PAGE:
Which insurances should you buy?
An insurance salesman will tell you that you need to be insured for everything. But is that reasonable?
In Switzerland, there are a few mandatory insurances:
- Liability insurance if you’re a renter
- Car insurance if your own a car
- Health insurance if you own a body
But what about other insurances? Are they worth considering? Here are some principles that will help you decide.
How insurances work
Let’s start by outlining how an insurance works. An insurance assesses risk and risk is nothing else than frequency times consequences.
The frequency is measured in number of cases per year and the consequences are measured in Swiss francs. So let us take the example of a car insurance. And let’s simplify by assuming that the only damage the insurance covers is total damage. In other words: if the car is totalled, you get the value of the car but it’s just a scratch, you get nothing.
The consequence is the value of the car (let’s assume 20,000). The frequency can only be derived from experience. Assuming 10,000 accidents involving a totalled car per year and 10 millions car on the roads (completely made up numbers), that’s a frequency of 10,000 / 10 millions = 0.001 per year.
The risk is therefore 0.001 x 20,000 = 20 francs per year, which dramatically underestimate the actual risk, but remember that we only considered total damages. Let’s stick with that 20 francs figure for now. So can you expect to pay 20 francs in car insurance for total damages? Well, if you would only pay 20 francs, the insurance would on average earn nothing, because its revenue exactly cover its liabilities.
In addition to the 20 francs risk per driver, the insurance company must pay administrative and infrastructure costs and… make a profit. For instance, health insurance providers spent an average of 166 francs per policyholder on administration in 2017.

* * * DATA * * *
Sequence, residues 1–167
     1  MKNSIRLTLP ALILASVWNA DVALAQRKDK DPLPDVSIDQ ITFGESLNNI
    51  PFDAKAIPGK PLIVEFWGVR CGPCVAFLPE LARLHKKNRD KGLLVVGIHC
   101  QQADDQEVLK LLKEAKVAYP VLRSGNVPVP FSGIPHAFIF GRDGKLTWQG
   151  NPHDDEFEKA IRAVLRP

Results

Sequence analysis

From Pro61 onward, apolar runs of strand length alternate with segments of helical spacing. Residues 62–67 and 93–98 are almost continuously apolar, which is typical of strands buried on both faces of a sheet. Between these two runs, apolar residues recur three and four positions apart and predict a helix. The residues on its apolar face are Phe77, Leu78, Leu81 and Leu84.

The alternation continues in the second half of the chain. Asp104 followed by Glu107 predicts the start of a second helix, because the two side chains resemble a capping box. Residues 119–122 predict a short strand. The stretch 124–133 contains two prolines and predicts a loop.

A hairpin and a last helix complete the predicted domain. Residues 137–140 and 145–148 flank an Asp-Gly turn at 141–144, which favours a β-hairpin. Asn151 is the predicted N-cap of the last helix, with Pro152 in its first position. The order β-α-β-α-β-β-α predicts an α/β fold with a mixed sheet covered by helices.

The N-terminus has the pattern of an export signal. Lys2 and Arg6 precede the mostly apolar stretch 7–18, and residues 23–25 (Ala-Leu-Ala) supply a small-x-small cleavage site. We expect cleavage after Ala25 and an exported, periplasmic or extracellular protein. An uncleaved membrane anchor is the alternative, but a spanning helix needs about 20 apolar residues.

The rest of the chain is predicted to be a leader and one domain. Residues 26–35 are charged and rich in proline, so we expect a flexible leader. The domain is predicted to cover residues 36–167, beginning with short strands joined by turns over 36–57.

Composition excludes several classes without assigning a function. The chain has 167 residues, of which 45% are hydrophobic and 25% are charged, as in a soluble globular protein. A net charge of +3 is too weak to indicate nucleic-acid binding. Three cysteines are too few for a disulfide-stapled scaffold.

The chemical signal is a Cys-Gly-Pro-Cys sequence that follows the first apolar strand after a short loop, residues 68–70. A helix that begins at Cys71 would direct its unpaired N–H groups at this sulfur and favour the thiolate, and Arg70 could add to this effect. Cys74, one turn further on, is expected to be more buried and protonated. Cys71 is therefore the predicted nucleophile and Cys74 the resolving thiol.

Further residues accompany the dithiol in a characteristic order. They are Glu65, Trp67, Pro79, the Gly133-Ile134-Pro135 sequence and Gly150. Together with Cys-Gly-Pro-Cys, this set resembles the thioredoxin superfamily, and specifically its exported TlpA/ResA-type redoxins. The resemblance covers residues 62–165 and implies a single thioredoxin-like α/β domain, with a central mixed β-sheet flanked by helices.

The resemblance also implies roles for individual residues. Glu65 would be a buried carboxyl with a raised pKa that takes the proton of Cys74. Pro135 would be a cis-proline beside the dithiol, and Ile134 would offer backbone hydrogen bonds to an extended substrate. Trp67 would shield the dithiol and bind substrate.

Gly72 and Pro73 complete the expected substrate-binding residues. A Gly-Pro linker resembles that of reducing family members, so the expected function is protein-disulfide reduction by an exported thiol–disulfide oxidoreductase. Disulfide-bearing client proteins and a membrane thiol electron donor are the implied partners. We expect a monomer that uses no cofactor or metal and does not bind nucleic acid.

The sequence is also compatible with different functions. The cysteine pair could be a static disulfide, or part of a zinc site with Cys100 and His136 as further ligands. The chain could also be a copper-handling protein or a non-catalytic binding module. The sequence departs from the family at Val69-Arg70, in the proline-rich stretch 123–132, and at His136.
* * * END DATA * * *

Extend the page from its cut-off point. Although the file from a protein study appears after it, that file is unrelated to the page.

Insurances are usually a bad deal
The bottom line is that the price of the insurance is much larger than the risk, because of administrative costs and profit making.
What does that mean? It means that, on average, you pay more in insurance fees than the probable cost of the damage being insured. The key word here is « on average ». Because if you are a terrible driver, or just unlucky, and crash your car every year, you will obviously pay less in insurance fees than what it would cost to buy a new car every year. On the opposite side of the spectrum, some people pay an insurance premium every year for 50 years without ever filing a claim.
Never buy insurance?
Does that mean that you should never get insured for anything ever? Absolutely not.
Imagine that health insurance was optional. Since you’re young and healthy, and since you don’t want to overpay, you decide against subscribing that health insurance. Six months later: bad luck, you’re diagnosed with cancer. The treatment cost 500,000 francs a year (I’m not kidding, those are realistic numbers). Do you have 500,000 francs waiting to be spent? I’m going to assume that you don’t.
You could take a loan and pay that debt back at 12% interest for the rest of your life, like in the US. Or you will refuse treatment and die much sooner than expected.
The fact that you’re overpaying for the risk doesn’t mean that you shouldn’t buy the insurance.
There are two relevant questions when it comes to insurances:
- Can I afford the maximum consequences? If yes, move to the next question. If no, buy the insurance.
- Am I way more likely than the average person to have that happen to me? If yes, consider buying the insurance. If no, don’t buy it.
Phone insurance, worth it?
Let’s make this concrete: phone insurance. Can you afford the maximum consequence (the cost of a new phone, 800 francs)? In other words, do you have 800 francs somewhere ready to be spent to buy a new phone in case you break you current one?
If the answer is yes (and the answer should be yes, because there should be more than 800 francs in your emergency fund), then ask yourself: am I more likely to lose or break my phone than the average person?
If you’ve broken each and every phone you’ve ever own, then the answer is yes, and phone insurance might be a good deal for you. But if you’re not clumsier than the average person, there is no reason why you should buy phone insurance. You can instead act as your own insurer.
The best way to save on insurances is to only those worth your money. That is: those against consequences you can’t afford or those against hazards that you’re more susceptible to.